The Pi grants your students access to the settings, network, GUI, hardware, and so on. This isn’t something to be intimidated by. Students aren’t learning anything if they can simply plug in hardware (a webcam, a flash drive, etc) and have it work perfectly. Modern technology is so user-friendly that any understanding of how the hardware really works is lost. I asked a class how the camera on their phone worked. One enthusiastic student’s hand shot up and they answered, “press the camera app symbol!” Correct, but, what is really happening when you tap the screen? Some argue we don’t need to know. I disagree. An inquisitive mind is healthy.

The computer keyboard is the distant relative of the typewriter, first released in the late 1880s. After over 100 years, remnants of the typewriter are still with us in our everyday keyboards, yet I have met students who don’t know how to type on a keyboard because they have only ever used the touch screens of smartphones and tablets.

With the Pi, students can dig in behind the scenes and see what is actually going on. They can learn to manage, configure, and control software and hardware in an intuitive way. Again, if this is not appropriate for a particular lesson, simply boot the GUI and students have differentiated access.

Acquire Affordable Ready-to-Use Hardware Attachments

One of the best hardware features of the Raspberry Pi is the set of 40 GPIO pins. These pins enable interaction with the environment, inputs, outputs, and lines of code. The Raspberry Pi has a wide range of affordable HATS (Hardware Attached on Top) designed to sit flush on the pins that add additional functionality and hardware to the Pi. One can buy everything from screens, LED matrices, and environment sensors to text scrollers, e ink displays, servo motor boards, and even pianos.

Projects My Students have Created with the Pi

Dan Aldred, computer science educator and author of Raspberry Pi Home Hacks

Lay-Flat Bindings: The What And How

lay-flat binding

You may have noticed that the spines of your No Starch Press books, even the ones you use most, stay free of creases. That’s because we pay extra to have our books bound with premium lay-flat bindings. Most No Starch books (with the exception of hard backs, some older books, and a very few print-on-demand titles) sport this nice little Easter egg.

Lay-flat bindings allow our books to lay open by themselves on a flat surface, making it easy to refer to them while working at a computer. As an added bonus, they keep the spines from developing cracks and creases with frequent use.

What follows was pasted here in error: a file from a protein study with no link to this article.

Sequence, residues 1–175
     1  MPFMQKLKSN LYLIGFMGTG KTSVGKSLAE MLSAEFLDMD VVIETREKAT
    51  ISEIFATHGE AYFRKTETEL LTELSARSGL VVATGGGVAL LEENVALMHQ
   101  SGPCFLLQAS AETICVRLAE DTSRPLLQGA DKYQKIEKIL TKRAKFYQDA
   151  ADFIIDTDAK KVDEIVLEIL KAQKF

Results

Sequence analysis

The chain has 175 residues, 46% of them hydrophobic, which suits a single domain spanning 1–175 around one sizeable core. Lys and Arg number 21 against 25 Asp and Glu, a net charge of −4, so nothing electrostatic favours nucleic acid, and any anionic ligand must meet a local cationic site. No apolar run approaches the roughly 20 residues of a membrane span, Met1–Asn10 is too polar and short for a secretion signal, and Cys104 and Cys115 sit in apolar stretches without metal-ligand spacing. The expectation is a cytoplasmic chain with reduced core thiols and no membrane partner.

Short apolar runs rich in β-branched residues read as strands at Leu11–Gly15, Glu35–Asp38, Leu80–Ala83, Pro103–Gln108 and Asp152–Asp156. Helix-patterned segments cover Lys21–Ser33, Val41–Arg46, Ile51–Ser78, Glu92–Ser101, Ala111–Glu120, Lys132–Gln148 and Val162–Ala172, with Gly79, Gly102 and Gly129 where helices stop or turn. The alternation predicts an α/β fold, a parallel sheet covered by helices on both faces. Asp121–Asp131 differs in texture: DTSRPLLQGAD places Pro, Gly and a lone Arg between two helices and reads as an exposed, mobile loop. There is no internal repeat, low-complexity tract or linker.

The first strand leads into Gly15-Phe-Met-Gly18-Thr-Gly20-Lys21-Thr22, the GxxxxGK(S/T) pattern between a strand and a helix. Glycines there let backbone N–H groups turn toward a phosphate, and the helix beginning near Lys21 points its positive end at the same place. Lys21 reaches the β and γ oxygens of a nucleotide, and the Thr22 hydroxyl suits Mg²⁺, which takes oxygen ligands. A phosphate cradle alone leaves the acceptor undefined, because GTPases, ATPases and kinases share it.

Here’s a somewhat technical explanation from our printer about how these special spines are manufactured.

Once a book has been printed and the printed signatures collected, the collated signatures enter our binder and are milled on the spine to prepare them for glue. There is a two-step glue process using PUR (polyurethane reactive) glue, the absolute strongest and most flexible book adhesive made, and EVA (ethylene-vinyl acetate) glue to adhere the covers. The milled signatures go across the PUR glue pot where glue is applied with two rollers:

PUR glue application

A reverse spinner roller then removes the excess glue:

glue leveling

The book then travels between two side glue rollers that apply a bead of EVA glue to the first and last page of the book. EVA glue must be used in this step because is adheres immediately to hold the book together whereas PUR glue must cure for eight hours before it reaches its maximum strength.

The next station is the krash station where the krash paper is applied to the spine of the book to cover the PUR glue film. This creates the gap between the book block and cover that is critical to provide the flexibility and lay-flat properties of this binding style. Finally, a cover is applied which is adhered to the book with the side glue at the front and back corners of the spine.

The books are then inspected for quality issues and shipped off to our distributor, bookstores and of course, to you.

The Very First No Starch Press Book: The Book of SCSI

photo of The Book of SCSI

It’s January of 1995. Boyz II Men have the #1 hit song, Braveheart is in theaters, and Dr. Martens are à la mode. No Starch Press has just published its very first book of all time, The Book of SCSI: A Guide for Adventurers. The guide was a meticulously researched comprehensive SCSI resource that featured no-BS explanations for beginners in plain English as well as deep dives into the technology by experts. While decades out of date, this book set the tone of No Starch books to come with its conversational approach, attention to detail, careful fact checking, and fun aesthetic. Its table of contents included:

  • An intro to the basics of SCSI
  • Instructions on how to add SCSI to your PC
  • An explanation of how the SCSI bus works
  • Overviews of ASPI programming and CAM programming
  • Q&A from major SCSI host adapter manufactures Adaptec, DPT, and Future Domain
  • A directory of 150+ companies that produce SCSI hardware and software
  • A look at SCSI into the future by John Lohmeyer, chairman of the ANSI SCSI-3 Committee and world’s leading SCSI expert
  • Drawings and diagrams of SCSI hardware and systems
  • Tips and troubleshooting help
  • A glossary of terms
  • A comprehensive index

Neither the original, nor its 2nd edition, released in the summer of 2000, are still in print, but both were well-regarded at the time (the original release was even reviewed by PC magazine).

Cheers to the OG No Starch fans who threw on a flannel and headed to the Computers section of their local Waldenbooks to pick up a copy.